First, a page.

# If two ends were a certain "length" apart were they therefore at rest (or at least rigid) to each other?

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Considering the definition of the SI unit of "length" [1] and [2 (" method a.")] I'm missing any requirements about the two "ends" of the required "path travelled by light" being "at rest to each other", or at least "rigid to each other".

Are such requirements perhaps presumed to be understood implicitly?

Accordingly, if some particular pair of "ends", $A$ and $B$, in some particular trial, were characterized as having been a certain "lenght of $x \, \text{m}$ apart from each other", where "$x$" is some particular positive real number and "$\text{m}$" denotes the SI base unit "metre", is it then understood:

• that ends $A$ and $B$ had observed exchanging signal pings between each other; and not only once for each trial, but for any of their signal indications throughout a sufficiently extended trial?,

• that for any two (distinct) signal indications $A_J$ and $A_K$ of end $A$ during this trial the corresponding ping durations of end $A$ were equal to each other:
$\tau_A[ \,_J, \,_{\circledR}^{B \circledR AJ} ] = \tau_A[ \,_K, \,_{\circledR}^{B \circledR AK} ]$ ?,

• that for any two (distinct) signal indications $B_P$ and $B_Q$ of end $B$ during this trial the corresponding ping durations of end $B$ were equal to each other:
$\tau_B[ \,_P, \,_{\circledR}^{A \circledR BP} ] = \tau_B[ \,_Q, \,_{\circledR}^{A \circledR BQ} ]$ ?, and

• that for any signal indications $A_J$ of end $A$ and any signal indication $B_P$ of end $B$ during this trial the corresponding ping durations were equal to each other:
$\tau_A[ \,_J, \,_{\circledR}^{B \circledR AJ} ] = \tau_B[ \,_P, \,_{\circledR}^{A \circledR BP} ] = \frac{2 x}{c} \text{m}$ ?.

References:
[1] SI brochure (8th edition, 2006), Section 2.1.1.1; http://www.bipm.org/en/si/base_units/metre.html ("The metre is the length of the path travelled by light in vacuum during a time interval of 1/299 792 458 of a second.").

[2] "the mise en pratique of the definition of the metre"; http://www.bipm.org/en/publications/mep.html

This post imported from StackExchange Physics at 2014-04-24 07:33 (UCT), posted by SE-user user12262
retagged Apr 24, 2014
Is your notation (particularly the use of the circled R) explained in the links?

This post imported from StackExchange Physics at 2014-04-24 07:33 (UCT), posted by SE-user Kyle Kanos
Most incomprehensible question ever. Also, most incomprehensible mathematical notation ever.

This post imported from StackExchange Physics at 2014-04-24 07:33 (UCT), posted by SE-user DumpsterDoofus
@Kyle Kanos: "Is your notation [...] explained in the links?" -- Certainly not in the two linked pages themselves (I'm not sure about secondary literature). They just write "path travelled by light" without mentioning its "ends" (such as "sender" and "receiver") at all; hence there's no notation given for such "ends" (I chose "$A$", and "$B$"), nor for "duration" (a.k.a. "proper time") of any one of them (my "$\tau_A$" and "$\tau_B$"), nor for the corresponding arguments ("from some particular indication, until another"; e.g. my "from $A_J$ until $A_{\circledR}^{B \circledR AJ}$").--contd.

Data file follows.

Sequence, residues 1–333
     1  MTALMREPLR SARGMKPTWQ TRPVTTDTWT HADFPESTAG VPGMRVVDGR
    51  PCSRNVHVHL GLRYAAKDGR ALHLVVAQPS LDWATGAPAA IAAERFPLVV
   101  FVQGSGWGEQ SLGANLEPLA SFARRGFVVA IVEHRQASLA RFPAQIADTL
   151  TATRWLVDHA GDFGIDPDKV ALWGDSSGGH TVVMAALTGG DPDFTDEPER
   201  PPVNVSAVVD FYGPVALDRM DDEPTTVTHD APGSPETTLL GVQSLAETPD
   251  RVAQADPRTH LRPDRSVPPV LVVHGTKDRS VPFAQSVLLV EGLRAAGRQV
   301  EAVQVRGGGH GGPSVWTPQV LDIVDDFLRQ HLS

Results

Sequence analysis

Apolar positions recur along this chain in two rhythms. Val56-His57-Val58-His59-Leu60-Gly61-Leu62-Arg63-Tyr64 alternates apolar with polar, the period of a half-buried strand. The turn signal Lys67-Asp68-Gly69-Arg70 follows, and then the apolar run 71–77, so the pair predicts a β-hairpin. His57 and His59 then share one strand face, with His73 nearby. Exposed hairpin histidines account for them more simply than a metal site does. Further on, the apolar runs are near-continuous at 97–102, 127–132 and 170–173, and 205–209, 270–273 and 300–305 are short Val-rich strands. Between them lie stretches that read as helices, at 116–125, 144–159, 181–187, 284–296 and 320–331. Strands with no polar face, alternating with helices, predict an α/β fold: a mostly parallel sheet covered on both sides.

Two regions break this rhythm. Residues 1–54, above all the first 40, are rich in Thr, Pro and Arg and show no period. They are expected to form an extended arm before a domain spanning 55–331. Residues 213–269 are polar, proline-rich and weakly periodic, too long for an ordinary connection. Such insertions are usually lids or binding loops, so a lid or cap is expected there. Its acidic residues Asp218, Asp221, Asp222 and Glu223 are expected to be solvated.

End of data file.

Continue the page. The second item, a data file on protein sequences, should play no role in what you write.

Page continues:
This post imported from StackExchange Physics at 2014-04-24 07:33 (UCT), posted by SE-user user12262
@Kyle Kanos: "(particularly the use of the circled R)" -- It's read here "received" or "observed"; as in "$A_{\circledR}^{B \circledR AJ}$" being read as "$A$ received the signal of $B$'s indication of having received the signal of $A$ and $J$ having met and passed each other." Do you have any other suggestion and preference for denoting a "signal round trip" (a.k.a. "ping") "from $A$, to $B$, and back to $A$" ??

This post imported from StackExchange Physics at 2014-04-24 07:33 (UCT), posted by SE-user user12262
@DumpsterDoofus: "Most incomprehensible question ever." -- Well, might it help if I give explicit names to the two "ends" of the "path travelled by light" required in the SI definition; e.g. "sender" and "receiver"? Is the/my question not comprehensible whether a particular sender and receiver, in some particular trial, had been "rigid" to each other, or even "at rest" to each other? Don't you comprehend the question concerning "mutual rigidity" as asking about ping durations being constant; and "mutual rest" as asking about ping durations being constant and (moreover) equal?

This post imported from StackExchange Physics at 2014-04-24 07:33 (UCT), posted by SE-user user12262
I suppose my point is if you're going to introduce non-standard notation, you had better explain it. I would think that, with this question, notation is probably going to completely obscure your question and push everyone away (see DumpsterDoofus' comment). That is to say, get rid of it entirely.

This post imported from StackExchange Physics at 2014-04-24 07:33 (UCT), posted by SE-user Kyle Kanos
@Kyle Kanos: "[...] get rid of it entirely." -- No, I certainly won't emilinate the three equations for concisely expressing my corresponding (partial) questions. But I'd be happy to adapt to whatever standard notation would be available; if it's expressive enough (1) to indicate that the quantities whose equality is in question are durations (i.e. as long as the standard symbol $\tau$ is used); and (2) to render my three distinct (partial) questions as three distinct equations. Synges notations for "trip-times" (RGT, p. 409) fails on both requirements, btw.

This post imported from StackExchange Physics at 2014-04-24 07:33 (UCT), posted by SE-user user12262
@Kyle Kanos: Those parts of my question which can unambigously expressed using the notation of Synge mentioned above I've extracted here: physics.stackexchange.com/q/99779

This post imported from StackExchange Physics at 2014-04-24 07:33 (UCT), posted by SE-user user12262

To close, nonsense.

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